16. An overvoltage protection system, comprising: a mode selector operative to detect a condition requiring overvoltage protection and to provide a mode signal indicative thereof; a control system operative to provide first and second control signals based on the mode signal; a first active variable resistance device coupled between an input supply voltage and a node, the control system providing the first control signal to cause the first active variable resistance device to provide a low resistance during an overvoltage condition based on a voltage potential across the active variable resistance device relative to a first threshold level; and a second active variable resistance device coupled in series with the first active variable resistance between the node and a second terminal at a voltage level that is less than that supplied by the input supply voltage, the control system providing the second control signal to cause the second active variable resistance device to provide a low resistance during an overvoltage condition based on a voltage potential across the second active variable resistance device relative to a second threshold level.

17. The system of claim 16, each of the first and second active variable resistance devices further comprises a respective power transistor device.

18. The system of claim 17, each of the first and second threshold levels are determined according to a breakdown voltage of the respective first and second power transistor devices.

19. The system of claim 17, the control system further comprises first and second composite Zener systems coupled across a respective one of the first and second power transistor devices, the first composite Zener system being operative to control when to turn on the first power transistor device based on the voltage potential across the first power transistor device during an overvoltage condition, the second composite Zener system being operative to control when to turn on the second power transistor device based on the voltage potential across the second power transistor device during an overvoltage condition.

20. The system of claim 16, the condition requiring overvoltage protection comprising at least one of an overvoltage condition at an input terminal of an integrated circuit that includes the system and a retract condition for an associated spindle motor.

21. The system of claim 16 implemented as part of an integrated circuit, the output stage forming part of a driver operative to control an associated motor.

22. An integrated circuit to control at least one motor, comprising: an input terminal that receives an input supply voltage; a detection system operative to detect an overvoltage condition at the input terminal and provide an overvoltage condition signal indicative thereof; a driver having at least one pair of high-side and low-side power devices electrically coupled in series between the input terminal and ground potential, an intermediate node between the at least one pair of power devices and operative to provide power to an associated phase of a motor; and an overvoltage control system connected to each of the high-side and low-side power devices to control each of the high-side and low-side power devices in a mode tolerant to an overvoltage condition based on the overvoltage condition signal and a voltage potential across the respective high-side and low-side power devices.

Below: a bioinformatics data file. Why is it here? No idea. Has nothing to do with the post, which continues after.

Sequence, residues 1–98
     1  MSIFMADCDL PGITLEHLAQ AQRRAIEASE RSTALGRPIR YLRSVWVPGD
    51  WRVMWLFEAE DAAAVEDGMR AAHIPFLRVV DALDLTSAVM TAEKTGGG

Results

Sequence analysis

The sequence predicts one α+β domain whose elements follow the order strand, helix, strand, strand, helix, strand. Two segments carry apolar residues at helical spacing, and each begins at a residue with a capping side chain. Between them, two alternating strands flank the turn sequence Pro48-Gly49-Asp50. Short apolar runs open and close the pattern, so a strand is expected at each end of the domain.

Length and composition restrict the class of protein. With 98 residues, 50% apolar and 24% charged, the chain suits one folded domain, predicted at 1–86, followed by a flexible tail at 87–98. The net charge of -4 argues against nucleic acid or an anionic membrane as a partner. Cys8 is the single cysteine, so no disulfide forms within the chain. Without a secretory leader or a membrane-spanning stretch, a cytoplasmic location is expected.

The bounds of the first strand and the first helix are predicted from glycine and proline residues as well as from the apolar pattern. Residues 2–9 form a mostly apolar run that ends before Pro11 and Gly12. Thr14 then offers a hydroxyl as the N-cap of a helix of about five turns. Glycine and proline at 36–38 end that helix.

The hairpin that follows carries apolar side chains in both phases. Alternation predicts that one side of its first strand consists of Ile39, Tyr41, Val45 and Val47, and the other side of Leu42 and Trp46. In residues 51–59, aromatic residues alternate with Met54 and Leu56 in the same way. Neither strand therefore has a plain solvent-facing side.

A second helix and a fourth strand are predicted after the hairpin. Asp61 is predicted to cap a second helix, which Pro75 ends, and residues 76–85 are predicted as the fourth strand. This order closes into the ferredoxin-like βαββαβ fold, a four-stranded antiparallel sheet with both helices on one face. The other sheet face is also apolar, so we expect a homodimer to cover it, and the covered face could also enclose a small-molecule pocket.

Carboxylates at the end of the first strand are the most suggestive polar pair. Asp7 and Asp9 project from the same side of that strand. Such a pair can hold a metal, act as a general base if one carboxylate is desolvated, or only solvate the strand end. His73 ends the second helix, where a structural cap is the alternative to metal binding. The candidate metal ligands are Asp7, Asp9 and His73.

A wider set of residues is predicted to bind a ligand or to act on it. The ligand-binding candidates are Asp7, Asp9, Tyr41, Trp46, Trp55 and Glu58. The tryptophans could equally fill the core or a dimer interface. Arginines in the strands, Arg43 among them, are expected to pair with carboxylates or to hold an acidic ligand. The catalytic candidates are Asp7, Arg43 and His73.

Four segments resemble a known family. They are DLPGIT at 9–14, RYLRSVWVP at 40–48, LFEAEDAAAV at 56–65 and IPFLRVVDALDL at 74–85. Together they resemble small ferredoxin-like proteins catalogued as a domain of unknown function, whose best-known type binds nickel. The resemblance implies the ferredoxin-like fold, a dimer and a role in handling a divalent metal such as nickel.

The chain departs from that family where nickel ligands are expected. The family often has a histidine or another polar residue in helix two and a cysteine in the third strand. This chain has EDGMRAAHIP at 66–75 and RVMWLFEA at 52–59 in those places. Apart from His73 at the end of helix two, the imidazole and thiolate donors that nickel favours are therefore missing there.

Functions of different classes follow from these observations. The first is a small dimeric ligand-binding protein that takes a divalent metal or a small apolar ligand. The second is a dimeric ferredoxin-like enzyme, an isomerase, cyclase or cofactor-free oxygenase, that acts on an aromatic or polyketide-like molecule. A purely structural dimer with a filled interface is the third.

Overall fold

23. The integrated circuit of claim 22, the driver comprising a spindle driver operative to energize at least one phase of a spindle motor.

24. The integrated circuit of claim 23, further comprising a voice coil motor driver operative to energize at least one phase of a voice coil motor, the voice coil motor driver implementing a low voltage retract condition based on the overvoltage protection signal.

25. An integrated circuit that includes an overvoltage protection system comprising: means for detecting an overvoltage condition and providing a signal indicative of the detected overvoltage condition; means for at least one of sourcing and sinking current relative to a node comprising: means for varying resistance between an input terminal and a node; and means for varying resistance between the node and a ground potential; means for controlling at least one of the means for varying resistance in response to overvoltage condition signal and based on a voltage potential across at least one of the means for varying resistance.

26. A method to protect an integrated circuit that includes an input terminal that receives an input supply voltage and that includes at least one pair of active components connected in series between the supply voltage and a lower voltage level, at least one pair of active components being operative to at least one of source or sink electrical current relative to a node interconnecting the first and second active components, the method comprising: detecting a condition in which overvoltage protection is desired; in response to detecting the condition, operating at least one of the first and second active devices in a mode that limits a voltage potential across at least one of the first and second active devices so as to be more tolerant to the detected overvoltage condition.

27. The method of claim 26, the at least one pair of active components comprising a pair of power transistor devices, each having a control input, the method further comprising providing an input signal to the control input of at least one of the transistor devices to turn at least one of the transistor devices to an on condition to effectively limit a maximum voltage potential across at least one of the transistor devices during a detected overvoltage condition.